by Michael Medved | USA TODAY
As the echos of the boisterous political conventions finally die down, there's a moment to reflect on a key difference between this year's somber presidential race and the historic campaign of 2008: This time, we won't hear the stirring music of hope and change.
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Four years ago, the Obama campaign marched to victory with the accompaniment of a series of songs composed by big stars or unknown school children that emphasized the singular significance of that barrier-busting election. In 2012, the Democrats have once again turned to music to try to rally their largely defensive and beleaguered troops, but the results have seemed nasty rather than hopeful, apologetic more than uplifting.
During the first Obama campaign, nearly 1 million Americans watched a YouTube video of 22 kids in Venice, Calif., performing original anthems in the candidate's honor, and featuring We're Gonna Change the World by 9-year-old Lily Campbell. Introduced with an unaccompanied solo in a pure childish voice of touching sincerity, the hymn promised:
We're gonna spread happiness
We're gonna spread freedom
Obama's gonna change it
Obama's gonna lead 'em.
We're gonna change it
And rearrange it
We're gonna change the world.
Even for those of us who found something eerie, excessive and creepy about the cult worship of nominee Obama, it's sad to look back on soaring expectations that seem to belong to another era entirely, not just another election.
In that seemingly distant epoch, celebrities also lined up to create a series of music videos featuring dreamy, ecstatic tunes, punctuated by declarative statements by major stars ("I would like to see us in a world without fear"; "He's almost like a revival for a lot of people's souls"; "Yes we can heal this nation! Yes we can repair this world!") and excerpts from Obama speeches. A later video on the theme "be the change" featured an even more impressive galaxy of stars giving their own form of a pledge of allegiance:
I pledge to be of service to Barack Obama
I pledge to change how I live.
To be a better person.
To never stop learning and growing each and every day. Every day!
I pledge to be a servant to our president and all mankind.
Because together we can. Together we are. And together we will be the change that we seek.
And after four years of that epic change, with Obama "like a revival for a lot of people's souls," his true believers offer a different sort of campaign ballad, this one by the one-hit wonder New Wave punk-rock band Devo. Just before the GOP convention, they delivered Don't Roof Rack Me, Bro (Seamus Unleashed) to tell the story of the 1983 Romney family road trip (just three years after Devo's incomprehensible hit Whip It) with their Irish setter riding on the roof of the station wagon.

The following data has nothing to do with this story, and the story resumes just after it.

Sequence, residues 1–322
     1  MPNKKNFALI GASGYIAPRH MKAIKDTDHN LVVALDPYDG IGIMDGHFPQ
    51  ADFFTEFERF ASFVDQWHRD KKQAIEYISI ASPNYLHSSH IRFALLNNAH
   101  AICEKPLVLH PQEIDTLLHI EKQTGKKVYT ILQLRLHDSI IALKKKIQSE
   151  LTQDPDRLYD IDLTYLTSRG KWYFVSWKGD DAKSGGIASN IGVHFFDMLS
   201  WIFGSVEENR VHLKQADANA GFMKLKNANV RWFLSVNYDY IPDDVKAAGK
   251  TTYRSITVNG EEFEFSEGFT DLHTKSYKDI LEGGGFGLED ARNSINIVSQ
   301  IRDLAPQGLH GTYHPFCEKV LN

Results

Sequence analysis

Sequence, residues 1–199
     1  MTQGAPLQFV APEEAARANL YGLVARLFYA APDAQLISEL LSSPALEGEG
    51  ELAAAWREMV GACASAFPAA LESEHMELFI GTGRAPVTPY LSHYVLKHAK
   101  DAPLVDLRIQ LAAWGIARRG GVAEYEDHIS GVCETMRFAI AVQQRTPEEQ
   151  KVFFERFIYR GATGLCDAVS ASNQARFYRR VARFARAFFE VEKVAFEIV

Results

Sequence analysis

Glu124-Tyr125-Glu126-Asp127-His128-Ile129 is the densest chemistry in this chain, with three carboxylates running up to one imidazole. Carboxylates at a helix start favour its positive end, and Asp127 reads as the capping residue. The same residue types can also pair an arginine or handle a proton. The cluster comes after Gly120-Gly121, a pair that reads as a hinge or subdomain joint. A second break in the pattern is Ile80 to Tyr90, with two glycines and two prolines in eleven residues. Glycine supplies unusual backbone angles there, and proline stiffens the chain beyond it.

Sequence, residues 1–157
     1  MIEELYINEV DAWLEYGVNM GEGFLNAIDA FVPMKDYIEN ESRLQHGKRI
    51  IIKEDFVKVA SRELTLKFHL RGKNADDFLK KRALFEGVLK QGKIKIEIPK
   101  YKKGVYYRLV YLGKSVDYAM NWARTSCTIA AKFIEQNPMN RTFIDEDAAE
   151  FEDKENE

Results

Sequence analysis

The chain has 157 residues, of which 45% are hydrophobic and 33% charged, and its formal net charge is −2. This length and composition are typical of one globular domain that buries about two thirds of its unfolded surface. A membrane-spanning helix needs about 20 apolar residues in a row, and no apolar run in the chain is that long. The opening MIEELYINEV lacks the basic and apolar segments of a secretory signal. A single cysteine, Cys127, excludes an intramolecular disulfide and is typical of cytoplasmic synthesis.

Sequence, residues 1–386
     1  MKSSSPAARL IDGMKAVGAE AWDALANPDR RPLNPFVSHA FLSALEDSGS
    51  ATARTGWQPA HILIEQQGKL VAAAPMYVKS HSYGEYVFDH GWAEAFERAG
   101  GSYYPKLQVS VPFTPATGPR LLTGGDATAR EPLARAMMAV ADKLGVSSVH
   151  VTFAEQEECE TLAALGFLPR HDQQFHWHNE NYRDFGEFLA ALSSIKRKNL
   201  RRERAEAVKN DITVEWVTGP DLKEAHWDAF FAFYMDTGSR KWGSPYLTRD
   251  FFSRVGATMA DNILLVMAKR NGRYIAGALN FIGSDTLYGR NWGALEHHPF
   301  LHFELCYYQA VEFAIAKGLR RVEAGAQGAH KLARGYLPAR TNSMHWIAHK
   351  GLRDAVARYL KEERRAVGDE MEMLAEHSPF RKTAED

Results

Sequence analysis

The song pleadingly intones:
Seamus, Seamus please come back
Your former master is on the attack
If he was honest and told the truth
He'd go to jail for what he did to you
Seamus, why did he make you ride outside?
This follows up the previous release Romney Girl (based on the deathless ditty Barbie Girl) as performed by the horse-faced Miss Swiss Bank Account, and featuring subtle lyrics such as:
He is rich
You are poor
If he wins
This might produce gratified chuckles among Democratic loyalists, but it's a far cry from the rousing messages in Obama songs of four years ago that mobilized masses of previously cynical voters. Then, even the teasingly seductive "Obama Girl" seemed fresh and novel with her smash hit I've Got a Crush on Obama:
You tell the truth
Unlike the right
You can love
But you can fight
You can Barack me tonight
I've got a crush on Obama!
This year the real-life Obama Girl, Amber Lee Ettinger, tellingly declares that she's undecided on how she will vote.
On the other side of the partisan divide, Republicans have made no attempt to replicate the visionary lyrics that rallied the Democrats the last time: They view Mitt Romney and Paul Ryan as technocratic turnaround artists, not messianic deliverers. It's tough to provide quasi-religious anthems for hard-headed numbers guys.
And for the Democrats, they can hardly go back to Hope & Change's Greatest Hits because to do so would only highlight the grand canyon between Obama's promise and his performance. "Obama's gonna change the world" would have a wistful air of implied rebuke. Instead, we can expect more ditties about Romney's vulnerabilities and the purportedly scary plans of his running mate. Look for variations of "Lyin' Ryan" rather than new verses for "We Can Be the Change."
Of course, negative campaigning can be effective, but it highlights the president's dilemma when his followers lift their voices in recollection of his opponent's long-deceased dog rather than celebrate the incumbent's inspiring achievements. The music of hope and change has become the music of cringe and rage.
Talk radio host Michael Medved, a member of the USA TODAY Board of Contributors, is author ofthe new e-book The Odds Against Obama: Why History and Logic make the President a Likely Loser.